“The origins of complex multicellularity and the origin of animals are considered two of the most important events in the history of life on Earth,” said lead study author Charles Wellman, a professor in the Department of Animal and Plant Sciences at the University of Sheffield in the United Kingdom.
“Our discovery sheds new light on both of these,” Sheffield said in a statement.
Today, little evidence remains of Earth’s earliest organisms. Microscopic fossils estimated to be 3.5 billion years old are credited with being the oldest fossils of life on Earth, though some experts have questioned whether chemical clues in the so-called fossils were truly biological in origin.
The tiny fossilized cell clumps, which the scientists named Bicellum brasieri, were exceptionally well-preserved in 3D, locked in nodules of phosphate minerals that were “like little black lenses in rock strata, about one centimeter [0.4 inches] in thickness,” said lead study author Paul Strother, a research professor in the Department of Earth and Environmental Sciences at Boston College’s Weston Observatory.
“We take those and slice them with a diamond saw and make thin sections out of them,” grinding the slices thin enough for light to shine through — so that the 3D fossils could then be studied under a microscope, Strother told Live Science.
The researchers found not just one B. brasieri cell clump embedded in phosphate, but multiple examples of spherical clumps that showed the same dual cell structure and organization at different stages of development. This enabled the scientists to confirm that their find was once a living organism, Strother said.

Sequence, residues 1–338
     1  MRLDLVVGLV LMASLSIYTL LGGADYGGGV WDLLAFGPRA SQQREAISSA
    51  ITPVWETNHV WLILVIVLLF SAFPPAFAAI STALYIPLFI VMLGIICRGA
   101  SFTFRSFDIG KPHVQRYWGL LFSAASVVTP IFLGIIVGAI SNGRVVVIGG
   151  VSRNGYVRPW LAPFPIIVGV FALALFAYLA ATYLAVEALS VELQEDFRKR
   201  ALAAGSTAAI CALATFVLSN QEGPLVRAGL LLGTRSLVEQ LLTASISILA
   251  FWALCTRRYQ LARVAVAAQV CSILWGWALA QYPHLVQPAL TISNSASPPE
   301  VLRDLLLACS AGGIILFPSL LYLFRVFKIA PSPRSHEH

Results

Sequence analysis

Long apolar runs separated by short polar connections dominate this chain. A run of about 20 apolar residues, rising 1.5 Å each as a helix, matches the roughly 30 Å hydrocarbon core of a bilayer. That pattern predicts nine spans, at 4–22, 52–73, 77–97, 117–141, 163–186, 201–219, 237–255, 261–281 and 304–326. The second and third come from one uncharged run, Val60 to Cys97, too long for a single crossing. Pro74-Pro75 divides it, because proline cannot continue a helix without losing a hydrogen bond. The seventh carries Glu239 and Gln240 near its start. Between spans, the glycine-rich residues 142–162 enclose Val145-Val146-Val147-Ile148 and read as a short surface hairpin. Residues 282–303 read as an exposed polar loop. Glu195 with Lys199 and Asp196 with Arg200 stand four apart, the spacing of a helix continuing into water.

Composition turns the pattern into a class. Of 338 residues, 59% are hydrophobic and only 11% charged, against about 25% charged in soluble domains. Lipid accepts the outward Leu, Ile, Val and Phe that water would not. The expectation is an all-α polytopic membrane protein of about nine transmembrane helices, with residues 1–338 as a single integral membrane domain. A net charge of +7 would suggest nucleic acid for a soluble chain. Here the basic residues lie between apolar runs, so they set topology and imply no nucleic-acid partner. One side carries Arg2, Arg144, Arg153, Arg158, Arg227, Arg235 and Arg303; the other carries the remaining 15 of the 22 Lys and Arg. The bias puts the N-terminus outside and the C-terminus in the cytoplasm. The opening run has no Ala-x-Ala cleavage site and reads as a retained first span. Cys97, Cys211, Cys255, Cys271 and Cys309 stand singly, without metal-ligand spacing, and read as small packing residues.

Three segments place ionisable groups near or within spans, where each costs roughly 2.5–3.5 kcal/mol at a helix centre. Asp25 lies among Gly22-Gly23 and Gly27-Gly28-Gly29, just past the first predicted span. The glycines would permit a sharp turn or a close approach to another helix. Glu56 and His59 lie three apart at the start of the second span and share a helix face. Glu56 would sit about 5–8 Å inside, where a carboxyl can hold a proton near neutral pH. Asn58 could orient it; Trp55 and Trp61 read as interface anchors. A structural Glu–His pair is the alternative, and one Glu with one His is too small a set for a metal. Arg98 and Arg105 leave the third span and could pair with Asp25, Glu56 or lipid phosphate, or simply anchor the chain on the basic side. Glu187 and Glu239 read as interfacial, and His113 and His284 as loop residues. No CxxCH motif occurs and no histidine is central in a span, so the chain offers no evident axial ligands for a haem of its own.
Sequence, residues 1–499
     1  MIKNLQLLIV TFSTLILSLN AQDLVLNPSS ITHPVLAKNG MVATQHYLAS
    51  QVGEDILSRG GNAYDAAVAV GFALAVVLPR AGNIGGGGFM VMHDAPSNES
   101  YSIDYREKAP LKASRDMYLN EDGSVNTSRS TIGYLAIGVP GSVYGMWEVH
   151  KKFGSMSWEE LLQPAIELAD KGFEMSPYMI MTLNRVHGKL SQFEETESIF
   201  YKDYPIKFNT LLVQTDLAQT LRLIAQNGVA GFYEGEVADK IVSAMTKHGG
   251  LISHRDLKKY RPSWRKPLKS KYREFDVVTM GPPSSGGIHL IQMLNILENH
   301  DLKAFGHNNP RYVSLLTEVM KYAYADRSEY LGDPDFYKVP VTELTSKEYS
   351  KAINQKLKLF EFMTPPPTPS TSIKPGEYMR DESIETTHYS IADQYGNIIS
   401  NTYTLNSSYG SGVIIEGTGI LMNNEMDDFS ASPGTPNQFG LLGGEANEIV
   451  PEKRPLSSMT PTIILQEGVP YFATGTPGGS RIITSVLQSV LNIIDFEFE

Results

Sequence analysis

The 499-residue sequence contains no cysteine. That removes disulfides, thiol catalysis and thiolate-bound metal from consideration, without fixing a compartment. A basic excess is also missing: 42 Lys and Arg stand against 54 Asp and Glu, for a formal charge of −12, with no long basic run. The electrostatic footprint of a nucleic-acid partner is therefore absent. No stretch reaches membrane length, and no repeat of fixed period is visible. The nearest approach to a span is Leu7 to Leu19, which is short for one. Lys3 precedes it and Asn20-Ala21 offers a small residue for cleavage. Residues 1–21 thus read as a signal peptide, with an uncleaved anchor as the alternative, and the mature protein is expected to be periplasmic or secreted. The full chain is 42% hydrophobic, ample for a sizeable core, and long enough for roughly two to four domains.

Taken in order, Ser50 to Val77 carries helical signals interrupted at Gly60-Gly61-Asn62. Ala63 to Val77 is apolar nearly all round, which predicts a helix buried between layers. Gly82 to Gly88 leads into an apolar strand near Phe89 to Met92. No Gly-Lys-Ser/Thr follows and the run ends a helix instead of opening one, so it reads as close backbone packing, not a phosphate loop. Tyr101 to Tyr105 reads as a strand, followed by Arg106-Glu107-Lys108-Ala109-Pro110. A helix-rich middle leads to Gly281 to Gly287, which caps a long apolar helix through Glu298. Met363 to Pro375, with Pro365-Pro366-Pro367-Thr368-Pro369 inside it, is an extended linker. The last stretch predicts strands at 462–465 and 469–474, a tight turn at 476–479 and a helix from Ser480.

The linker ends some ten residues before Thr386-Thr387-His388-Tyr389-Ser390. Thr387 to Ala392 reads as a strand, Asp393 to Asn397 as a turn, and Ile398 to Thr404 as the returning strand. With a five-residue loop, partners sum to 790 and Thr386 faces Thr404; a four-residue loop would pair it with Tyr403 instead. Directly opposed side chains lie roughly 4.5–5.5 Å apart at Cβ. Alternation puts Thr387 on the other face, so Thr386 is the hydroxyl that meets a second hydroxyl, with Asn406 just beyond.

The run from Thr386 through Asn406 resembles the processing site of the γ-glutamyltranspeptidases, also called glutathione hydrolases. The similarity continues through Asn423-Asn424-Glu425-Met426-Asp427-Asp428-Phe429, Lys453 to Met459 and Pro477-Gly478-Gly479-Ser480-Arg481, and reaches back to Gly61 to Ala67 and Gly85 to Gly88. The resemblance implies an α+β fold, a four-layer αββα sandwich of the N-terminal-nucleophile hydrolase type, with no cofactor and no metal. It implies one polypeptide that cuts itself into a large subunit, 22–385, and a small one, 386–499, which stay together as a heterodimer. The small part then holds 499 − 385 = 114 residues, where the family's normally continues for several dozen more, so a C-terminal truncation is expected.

“Bicellum” means “two-celled,” and “brasieri” honors the late paleontologist and study co-author, Martin Brasier. Prior to his death in 2014 in a car accident, Brasier was a professor of paleobiology at the University of Oxford in the U.K., Strother said.
Multicellular and mysterious
In the B. brasieri fossils, which measured about 0.001 inches (0.03 millimeters) in diameter, the scientists saw something they had never seen before: evidence from the fossil record marking the transition from single-celled life to multicellular organisms. The two types of cells in B. brasieri differed from each other not only in their shape, but in how and where they were organized in the organism’s “body.”
“That’s something that doesn’t exist in normal unicellular organisms,” Strother told Live Science. “That amount of structural complexity is something that we normally associate with complex multicellularity,” such as in animals, he said.
It’s unknown what type of multicellular lineage B. brasieri represents, but its round cells lacked rigid walls, so it probably wasn’t a type of algae, according to the study. In fact, the shape and organization of its cells “is more consistent with a holozoan origin,” the authors wrote. (Holozoa is a group that includes multicellular animals and single-celled organisms that are animals’ closest relatives).
The Scottish Highlands site — formerly an ancient lake — where the scientists found B. brasieri presented another intriguing puzzle piece about early evolution. Earth’s oldest forms of life are typically thought to have emerged from the ocean because most ancient fossils were preserved in marine sediments, Strother explained. “There aren’t that many lake deposits of this antiquity, so there’s a bias in the rock record toward a marine fossil record rather than a freshwater record,” he added.